With Mitchell’s subsequent kick, it became six points, putting the Chooks ahead for the first time in the game. Neither team would score again this half, but it was clear that the Roosters had regained the competitive edge, and were in control of the game when they returned from the break. As had occurred so often through the match, however, this control turned out to be more fleeting than appeared, since while Teddy might have showed some strength under the high ball about six minutes in, he knocked on a Reynolds kick shortly after, setting up a sustained period of South Sydney dominance.


It started with Burns asking some big questions of the ruck at the start of the next set, and led on to a dazzling display of broken play over to the left side of the field. First, Murray fumbled the ball in the air but regathered it before it could hit or reach a Sydney City player, then Burns seemed to have been cleaned up only to offload out to Sutton, who sent the Steeden on to Graham in turn. Only Cronk read the play properly, but still couldn’t arrive in time to defy the huge of wingspan of the South Sydney no. 5, who crossed over in the corner with plenty of space to spare.


The score remained at 12-14, after Reynolds missed the conversions, and the Roosters hit back right away, getting a boon when Graham leapt up to catch a last-tackle kick only to end up knocking it straight back into the arms of the opposition. Moments later, Keary ran straight into the line and shifted the ball across to Cordner, but an enormous defensive effort from Sam Burgess just prevented the New South Wales captain from getting the football down, with some additional pressure from Johnston sealing the deal.


Cordner had come as close as possible to scoring without actually scoring, and there’s no doubt that four points here could have been a key rallying-point in his 150th game. Unless the Chooks put down points immediately, then, the Rabbits would regain the upper hand. The Bunnies knew it too, following up Cordner’s almost-try with a massive defensive effort, partly enabled by a hospital pass from Keary to Manu right on the line, that prevented Sydney City getting beyond their thirty.


So pummeling was the defence that this felt more like a South Sydney attacking set, meaning that their next set felt like a repeat set, with all the accumulated momentum that brings. Four tackles in, the game paused for a Keary wrist issue, but it didn’t sap the energy of the cardinal and myrtle, who decided to tap and go following a dangerous tackle from Mitchell. It was a good decision, since Tom Burgess crashed over shortly after, only to lose the ball moments before grounding it.


In such wet conditions, it was inevitable that these kind of early errors would occur, so the mark of South Sydney’s dominance was how easily they bounced back – or how easily Sydney City let their advantage wane. Following a first-tackle error from Tupou, Inglis collected the footy, and started a classic Rabbitohs left edge play before Walker brought the ball back inside and Tom Burgess straightened things up. On the next tackle, Lowe moved left again, and Cook brought the ball right, turning the Roosters attack inside out as the rain continued to pelt down on the field.


Finally, the Bunnies came back to the left edge on the fourth, where an accidental offside from Cronk got them the scrum feed. They took a different strategy on the next set, shying away from long-range passing combinations, as Inglis, Tom Burgess, Cook, Reynolds and then Sam Burgess all made massive short-range drives at the try line. Yet those barnstorming efforts just made the Roosters even more surprised at the elegance and dexterity of Reynolds’ last tackle effort, which took advantage of the uprights for the second time in the game.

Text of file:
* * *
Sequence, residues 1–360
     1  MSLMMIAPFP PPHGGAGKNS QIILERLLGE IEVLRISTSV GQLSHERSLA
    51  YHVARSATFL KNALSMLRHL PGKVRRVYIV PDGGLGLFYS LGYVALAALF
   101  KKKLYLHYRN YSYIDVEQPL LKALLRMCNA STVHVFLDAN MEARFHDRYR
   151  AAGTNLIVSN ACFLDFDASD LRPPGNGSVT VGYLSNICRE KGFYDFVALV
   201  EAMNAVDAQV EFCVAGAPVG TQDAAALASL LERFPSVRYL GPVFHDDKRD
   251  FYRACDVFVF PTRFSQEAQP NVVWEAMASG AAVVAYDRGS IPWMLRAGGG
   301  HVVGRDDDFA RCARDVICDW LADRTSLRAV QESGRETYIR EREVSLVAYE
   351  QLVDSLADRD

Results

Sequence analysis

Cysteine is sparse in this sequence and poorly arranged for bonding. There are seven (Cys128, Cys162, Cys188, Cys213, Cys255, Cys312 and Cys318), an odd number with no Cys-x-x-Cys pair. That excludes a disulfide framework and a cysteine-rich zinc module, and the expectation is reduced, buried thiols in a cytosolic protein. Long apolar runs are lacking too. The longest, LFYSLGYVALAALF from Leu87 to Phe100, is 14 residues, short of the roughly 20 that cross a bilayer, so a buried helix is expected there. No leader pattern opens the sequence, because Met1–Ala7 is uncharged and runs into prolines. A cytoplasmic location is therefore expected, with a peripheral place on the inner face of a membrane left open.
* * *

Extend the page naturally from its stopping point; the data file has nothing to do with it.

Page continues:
This time Reyno aimed for the right post, booting through a grubber that bounced off the padding and careened back at the perfect angle for Walker to scoot in and score, as Tedesco mistimed his angle and slammed into the points. It was a terrific South Sydney set, pairing strength and skill, and cementing Reynolds as their most important playmaker over the course of the night so far, for all the speculation around the Mitchell-Inglis showdown that had accompanied pre-game coverage.


The next South Sydney try also came off Reynolds, who sent a superb cut-out pass across to Johnston at the sixty-seventh minute, before converting to bring the Bunnies to a final twenty-six points. Between the try and the conversion, however, a fracas broke out on the side of the field, and continued for longer than might be expected, thanks in part to the most heated behavior I’ve normally seen from Cronk, who shed his trademark iceman persona here after a perceived slight on Mitchell.


With the Rabbits now beyond two converted tries at 12-26, the writing was on the wall for the Roosters, who would only score once more over the course of the game. It came from Tupou four minutes out from the end, but this was too little too late, the very definition of a consolation try after such a rigorous display from the Rabbitohs. The Chooks will be looking for a big win, then, when they take on the Sea Eagles at Brookvale next week, while the Bunnies will be keen to continue their winning streak when they take on a disheartened Dragons outfit on Thursday night.

About Billy Stevenson (739 Articles)
Massive NRL fan, passionate Wests Tigers supporter with a soft spot for the Canterbury-Bankstown Bulldogs and a big follower of US sports as well.